Using good manners and being courteous are just as important for your career success as your technical abilities. Simply put, friendly, likeable people will have an easier time getting hired and promoted than a rude or abrasive person who might be more talented. Here are some of the most common breaches of workplace etiquette to watch out for.
- Ghosting. Ghosting is a relatively new term for leaving other people hanging. It can mean not showing up for a job interview or a meeting without sending any word of your change of plans. It could also include simply not responding to emails or returning phone calls – ghosting is the decision you make to ignore the feelings of someone expecting to hear from you. It is very rude.
- Being visibly distracted. Failing to pay attention when someone is telling you something is almost as rude as not showing up at all. Scrolling through your phone while someone is talking to you indicates that whatever they say is not important to you – and you don’t mind if their feelings are hurt. It is also becoming increasingly common as most of us are never out of reach of our mobile devices and have become addicted to constant updates and alerts.
- Gossiping and complaining. Etiquette also involves having a proper attitude. This means being a positive member of the team. How you conduct yourself at work and treat others can be just as important to your career as your work performance. Being the negative person around the office, always complaining about the workload, environment, or other people will only reflect poorly on you.
If you want to blow off steam and complain about your job, do it with your friends outside of work. While on the job – keep it polite and professional.
Post-COVID etiquette rules
COVID-19 had a massive impact on the economy, most workplaces, and how people interact. Studies have shown that many of us forgot how to interact in professional and social situations. If it’s feeling strange for you, you aren’t alone.
That is because rules of etiquette are organic, they form through practice and repetition. The more we interact with other people, the more polished our exchanges become. The long absence from these – and the lingering fear of contact with other people have left many not knowing how to behave anymore.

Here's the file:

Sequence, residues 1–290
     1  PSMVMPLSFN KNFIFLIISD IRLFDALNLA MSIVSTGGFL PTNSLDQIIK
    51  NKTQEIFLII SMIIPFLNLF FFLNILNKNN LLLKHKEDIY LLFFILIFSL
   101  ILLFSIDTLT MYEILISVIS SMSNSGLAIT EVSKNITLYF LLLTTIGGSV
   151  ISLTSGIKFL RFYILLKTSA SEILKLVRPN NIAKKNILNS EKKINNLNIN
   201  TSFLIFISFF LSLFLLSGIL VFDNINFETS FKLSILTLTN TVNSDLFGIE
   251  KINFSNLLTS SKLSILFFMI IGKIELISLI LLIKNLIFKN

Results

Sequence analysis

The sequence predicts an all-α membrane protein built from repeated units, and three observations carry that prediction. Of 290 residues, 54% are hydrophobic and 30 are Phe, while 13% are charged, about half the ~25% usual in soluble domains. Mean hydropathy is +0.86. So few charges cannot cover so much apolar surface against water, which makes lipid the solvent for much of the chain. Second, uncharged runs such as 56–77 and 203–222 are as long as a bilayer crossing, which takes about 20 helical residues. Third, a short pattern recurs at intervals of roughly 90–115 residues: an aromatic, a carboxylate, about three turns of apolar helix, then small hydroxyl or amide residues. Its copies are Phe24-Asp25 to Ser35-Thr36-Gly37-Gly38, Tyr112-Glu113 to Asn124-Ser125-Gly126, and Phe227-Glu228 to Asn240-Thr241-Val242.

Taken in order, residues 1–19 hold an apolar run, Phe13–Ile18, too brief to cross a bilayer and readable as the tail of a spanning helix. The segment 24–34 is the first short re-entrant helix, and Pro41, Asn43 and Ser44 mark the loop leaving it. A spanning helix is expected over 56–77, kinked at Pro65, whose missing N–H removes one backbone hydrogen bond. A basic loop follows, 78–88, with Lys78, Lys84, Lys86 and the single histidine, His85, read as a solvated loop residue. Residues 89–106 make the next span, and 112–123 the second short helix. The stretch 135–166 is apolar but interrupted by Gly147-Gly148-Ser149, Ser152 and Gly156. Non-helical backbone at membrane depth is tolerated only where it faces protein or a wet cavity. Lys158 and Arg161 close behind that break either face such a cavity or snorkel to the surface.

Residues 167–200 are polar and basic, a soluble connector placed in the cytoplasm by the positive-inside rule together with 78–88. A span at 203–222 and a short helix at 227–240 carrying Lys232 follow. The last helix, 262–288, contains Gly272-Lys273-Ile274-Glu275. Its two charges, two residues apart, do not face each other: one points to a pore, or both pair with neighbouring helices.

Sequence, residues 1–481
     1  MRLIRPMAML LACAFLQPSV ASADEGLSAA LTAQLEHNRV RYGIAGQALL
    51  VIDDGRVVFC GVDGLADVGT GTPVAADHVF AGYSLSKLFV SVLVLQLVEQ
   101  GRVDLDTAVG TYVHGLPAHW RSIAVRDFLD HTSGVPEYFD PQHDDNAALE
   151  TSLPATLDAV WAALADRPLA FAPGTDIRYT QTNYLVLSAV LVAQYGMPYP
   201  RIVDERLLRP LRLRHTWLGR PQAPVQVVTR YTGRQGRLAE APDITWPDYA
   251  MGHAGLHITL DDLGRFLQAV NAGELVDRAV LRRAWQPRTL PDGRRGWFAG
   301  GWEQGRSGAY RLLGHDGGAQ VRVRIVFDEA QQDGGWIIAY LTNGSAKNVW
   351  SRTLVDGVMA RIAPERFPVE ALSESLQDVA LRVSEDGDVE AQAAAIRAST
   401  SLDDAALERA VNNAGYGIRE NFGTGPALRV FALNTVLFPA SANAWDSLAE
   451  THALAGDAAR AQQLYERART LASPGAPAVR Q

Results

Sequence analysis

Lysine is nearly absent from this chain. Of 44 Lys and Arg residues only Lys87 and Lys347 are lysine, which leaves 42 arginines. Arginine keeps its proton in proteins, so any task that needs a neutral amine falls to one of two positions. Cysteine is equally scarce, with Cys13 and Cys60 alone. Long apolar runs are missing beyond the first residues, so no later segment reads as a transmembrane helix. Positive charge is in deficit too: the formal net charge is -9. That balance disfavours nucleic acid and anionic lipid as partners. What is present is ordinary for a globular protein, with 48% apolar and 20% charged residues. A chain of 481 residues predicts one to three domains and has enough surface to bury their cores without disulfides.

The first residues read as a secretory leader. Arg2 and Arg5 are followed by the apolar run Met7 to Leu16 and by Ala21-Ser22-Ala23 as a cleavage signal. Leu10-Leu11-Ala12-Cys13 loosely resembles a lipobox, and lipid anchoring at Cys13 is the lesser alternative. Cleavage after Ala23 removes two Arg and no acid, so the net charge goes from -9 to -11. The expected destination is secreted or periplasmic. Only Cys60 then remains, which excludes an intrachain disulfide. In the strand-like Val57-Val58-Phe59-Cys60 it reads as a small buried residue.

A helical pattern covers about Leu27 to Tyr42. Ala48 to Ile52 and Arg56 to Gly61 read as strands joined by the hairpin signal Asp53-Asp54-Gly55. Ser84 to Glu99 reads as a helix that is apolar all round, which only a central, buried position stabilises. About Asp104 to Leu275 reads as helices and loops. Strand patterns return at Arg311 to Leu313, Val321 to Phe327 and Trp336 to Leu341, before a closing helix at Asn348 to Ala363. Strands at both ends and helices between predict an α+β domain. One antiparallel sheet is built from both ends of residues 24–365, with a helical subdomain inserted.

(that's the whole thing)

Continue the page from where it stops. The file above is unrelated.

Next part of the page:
- Handshakes are now optional. The ubiquitous business handshake was such a staple of professional interaction that there are whole articles dedicated to how to deliver the perfect handshake. However, in the post-COVID workplace, many people are still avoiding physical contact. While refusing to shake hands would have seemed anti-social and weird at one time, it is now much more accepted to fist-bump (or elbow-bump) – or simply wave.
- Personal space is at a premium. It’s fine to lean over someone’s shoulder as they show you something on their screen, right? Maybe not – right now. As people return to on-site working after long periods spent social distancing, many are not comfortable being close to other unmasked people. Pay attention to the culture of your workplace and adapt your interactions to the new rules of interpersonal space etiquette as they form. When in doubt, it doesn’t hurt to ask the individual what their comfort zone is.
- Food sharing won’t be the same. Remember when it was normal to watch someone blow all over a cake before it was cut into pieces and shared by the group? That probably won’t happen for a long while. (Or maybe it will never come back at all – because it was always kind of gross if you thought about it). Most people are approaching situations with a newfound awareness of the potential for spreading germs, including the handling and sharing of foods. Expect people to be much more cautious with their food and beverage intake.
Etiquette rules are fluid, situations, and ever-evolving. The pandemic and recovery have changed how many people think about social interactions, which will impact the culture of many workplaces. Pay attention to the rules set by your employer and other people’s body language and expressions. The foundations of proper etiquette are making other people feel comfortable and respected.